• tpwright May 19, 2014

    I feel the state needs to have a discussion and develop long term plans for what to do when land disappears. Not just at the outer banks, but all through the state. If a mountain side collapse causes the destruction of land, what obligation should the state have? If there continual flooding in an area that renders the land now unlivable, what recourse do the residents have? This discussion needs to happen before the disaster and the results should be delivered to the residents so that everyone knows what will happen if their land is rendered unusable.

  • btneast May 19, 2014

    [bSnow removal is paid for by counties and cities][/b]
    All of those DOT employees that drive the DOT equipment that salts and scrapes might disagree with you. Yes, some cities have some snow removal equipment, but for the most part, the STATE does it.

    the big rock slides are on the Interstates which can are are used by everyone if they want to get anywhere So I guess going to the coast is going nowhere, but going west is somewhere?

    [bThen lets see the business case......][/b] Google is your friend....it took me to NC Dept of Commerce website that expounds on it pretty well. There are many others. Tourism is not a sideline industry in NC....it brings in billions in revenue. I agree on not letting it get out of hand like Myrtle Beach, but to not do what you can to keep the area a tourist destination is being penny wise and pound foolish.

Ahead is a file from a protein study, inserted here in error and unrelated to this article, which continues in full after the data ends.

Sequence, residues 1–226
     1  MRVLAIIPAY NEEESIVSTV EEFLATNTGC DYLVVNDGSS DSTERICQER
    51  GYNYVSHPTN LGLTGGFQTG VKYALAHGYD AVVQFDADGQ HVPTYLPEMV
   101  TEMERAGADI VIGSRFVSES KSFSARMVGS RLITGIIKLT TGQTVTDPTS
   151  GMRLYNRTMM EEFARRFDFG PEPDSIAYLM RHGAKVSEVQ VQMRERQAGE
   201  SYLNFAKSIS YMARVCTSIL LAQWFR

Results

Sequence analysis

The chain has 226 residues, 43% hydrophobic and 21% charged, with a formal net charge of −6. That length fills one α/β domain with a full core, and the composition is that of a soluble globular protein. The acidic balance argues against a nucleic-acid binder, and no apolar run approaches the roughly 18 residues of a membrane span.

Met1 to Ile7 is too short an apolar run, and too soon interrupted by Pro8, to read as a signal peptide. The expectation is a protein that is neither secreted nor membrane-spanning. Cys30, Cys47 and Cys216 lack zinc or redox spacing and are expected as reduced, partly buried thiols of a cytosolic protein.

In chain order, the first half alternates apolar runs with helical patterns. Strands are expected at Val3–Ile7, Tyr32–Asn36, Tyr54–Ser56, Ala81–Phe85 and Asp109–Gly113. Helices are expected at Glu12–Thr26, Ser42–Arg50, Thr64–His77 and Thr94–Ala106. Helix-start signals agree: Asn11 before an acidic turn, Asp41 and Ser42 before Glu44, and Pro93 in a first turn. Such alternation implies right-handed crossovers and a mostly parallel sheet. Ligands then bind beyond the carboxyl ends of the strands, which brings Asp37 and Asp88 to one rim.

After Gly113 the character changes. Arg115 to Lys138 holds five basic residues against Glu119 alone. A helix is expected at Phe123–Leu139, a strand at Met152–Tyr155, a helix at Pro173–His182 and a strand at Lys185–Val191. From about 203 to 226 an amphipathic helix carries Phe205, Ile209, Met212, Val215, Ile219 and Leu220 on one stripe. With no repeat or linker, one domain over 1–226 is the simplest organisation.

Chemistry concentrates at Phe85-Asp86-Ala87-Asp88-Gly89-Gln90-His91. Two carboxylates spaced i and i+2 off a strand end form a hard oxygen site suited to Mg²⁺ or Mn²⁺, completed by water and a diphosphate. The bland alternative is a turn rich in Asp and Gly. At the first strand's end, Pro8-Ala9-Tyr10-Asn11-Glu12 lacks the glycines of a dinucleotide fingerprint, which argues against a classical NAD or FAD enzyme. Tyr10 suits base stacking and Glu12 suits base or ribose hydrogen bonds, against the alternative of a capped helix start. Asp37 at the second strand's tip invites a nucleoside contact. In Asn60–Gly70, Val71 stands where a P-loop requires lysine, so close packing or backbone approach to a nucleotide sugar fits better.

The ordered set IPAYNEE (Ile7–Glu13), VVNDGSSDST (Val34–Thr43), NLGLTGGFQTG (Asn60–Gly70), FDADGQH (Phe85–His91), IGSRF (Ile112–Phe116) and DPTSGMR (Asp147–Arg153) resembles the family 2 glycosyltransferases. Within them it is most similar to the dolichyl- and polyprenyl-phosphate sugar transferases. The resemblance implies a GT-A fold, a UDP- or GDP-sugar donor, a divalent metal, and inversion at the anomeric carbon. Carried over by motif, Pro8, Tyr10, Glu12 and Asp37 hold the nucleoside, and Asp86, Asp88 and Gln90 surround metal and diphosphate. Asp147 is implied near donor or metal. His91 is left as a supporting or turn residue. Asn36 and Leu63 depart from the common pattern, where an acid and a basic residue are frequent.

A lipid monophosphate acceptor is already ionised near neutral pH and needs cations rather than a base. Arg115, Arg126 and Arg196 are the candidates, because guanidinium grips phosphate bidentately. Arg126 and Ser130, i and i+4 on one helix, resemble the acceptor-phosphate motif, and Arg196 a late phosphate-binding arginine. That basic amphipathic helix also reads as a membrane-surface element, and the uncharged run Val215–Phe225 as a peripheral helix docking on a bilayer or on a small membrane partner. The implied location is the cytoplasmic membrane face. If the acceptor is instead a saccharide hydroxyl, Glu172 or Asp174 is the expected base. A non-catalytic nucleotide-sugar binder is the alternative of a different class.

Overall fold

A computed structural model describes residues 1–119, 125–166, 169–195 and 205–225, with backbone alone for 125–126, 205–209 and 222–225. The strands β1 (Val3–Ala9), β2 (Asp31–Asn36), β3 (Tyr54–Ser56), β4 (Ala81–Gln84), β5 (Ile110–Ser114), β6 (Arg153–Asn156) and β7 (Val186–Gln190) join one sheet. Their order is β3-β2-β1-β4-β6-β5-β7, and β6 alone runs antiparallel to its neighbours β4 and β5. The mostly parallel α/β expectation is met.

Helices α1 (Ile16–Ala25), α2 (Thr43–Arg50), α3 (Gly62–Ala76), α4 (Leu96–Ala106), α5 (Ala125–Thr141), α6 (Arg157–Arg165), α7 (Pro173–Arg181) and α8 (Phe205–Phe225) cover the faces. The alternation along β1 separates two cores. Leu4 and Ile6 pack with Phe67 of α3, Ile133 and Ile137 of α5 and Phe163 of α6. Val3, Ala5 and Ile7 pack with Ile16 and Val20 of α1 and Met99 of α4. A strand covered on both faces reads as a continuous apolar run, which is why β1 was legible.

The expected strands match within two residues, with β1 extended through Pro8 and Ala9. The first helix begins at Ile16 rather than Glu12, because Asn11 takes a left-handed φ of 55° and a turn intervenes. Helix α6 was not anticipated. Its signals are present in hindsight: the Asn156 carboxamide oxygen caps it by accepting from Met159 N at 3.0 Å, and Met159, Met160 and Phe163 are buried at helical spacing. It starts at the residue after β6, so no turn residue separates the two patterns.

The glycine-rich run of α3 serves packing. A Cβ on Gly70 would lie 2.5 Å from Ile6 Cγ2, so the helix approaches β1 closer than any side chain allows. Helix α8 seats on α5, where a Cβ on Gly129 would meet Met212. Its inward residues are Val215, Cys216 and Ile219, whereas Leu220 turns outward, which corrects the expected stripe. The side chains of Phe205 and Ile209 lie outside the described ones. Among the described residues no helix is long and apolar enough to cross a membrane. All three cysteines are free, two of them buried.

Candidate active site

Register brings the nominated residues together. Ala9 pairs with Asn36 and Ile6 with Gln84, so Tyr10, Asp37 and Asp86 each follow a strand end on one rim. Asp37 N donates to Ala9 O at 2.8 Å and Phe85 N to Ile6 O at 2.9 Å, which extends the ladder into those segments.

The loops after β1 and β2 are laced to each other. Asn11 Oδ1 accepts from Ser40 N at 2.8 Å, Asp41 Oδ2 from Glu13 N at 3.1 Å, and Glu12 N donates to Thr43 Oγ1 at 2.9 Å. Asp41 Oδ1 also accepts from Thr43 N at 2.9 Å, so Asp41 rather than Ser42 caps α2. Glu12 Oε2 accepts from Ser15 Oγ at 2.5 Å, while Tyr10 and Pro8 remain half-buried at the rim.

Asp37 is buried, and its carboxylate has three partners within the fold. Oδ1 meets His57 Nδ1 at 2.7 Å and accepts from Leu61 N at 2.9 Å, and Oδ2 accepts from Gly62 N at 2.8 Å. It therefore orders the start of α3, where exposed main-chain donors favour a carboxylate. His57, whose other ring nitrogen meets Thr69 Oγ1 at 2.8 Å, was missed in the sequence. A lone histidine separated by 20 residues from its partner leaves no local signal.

• Grand Union May 19, 2014

    View quoted thread

    Snow removal is paid for by counties and cities..............Cities like Raleigh etc pay far more taxes for roads than they have roads so likely pay more than their fair share for "Fortify" and the big rock slides are on the Interstates which can are are used by everyone if they want to get anywhere.

    "Ultimately, NC keeps those routes open because it benefits the state financially to do so."

    Then lets see the business case......we would still have lots of beach milage accessable by road without counting the outerbanks and lots of islands manage just fine with ferries....

  • dennis8 May 19, 2014

    This is a sand bar in the ocean. We should not be paying to subsidize any construction built on this sand. I would add that these folks should be paying the real cost of living and having businesses there. That would include the true cost of flood insurance.

  • sandtaxedenoughalready May 19, 2014

    The story also failed to mention that this is the area of the inlet that formed after Hurricane Isabel that the DOT filled in. Of course the island is skinny here and going to blow out again. Piling sand on the area won't change that. All of the current arguements about how we need to keep oregon inlet open for the health of the sounds applied when this inlet was created, on the location of a historical inlet, yet it was filled and paved?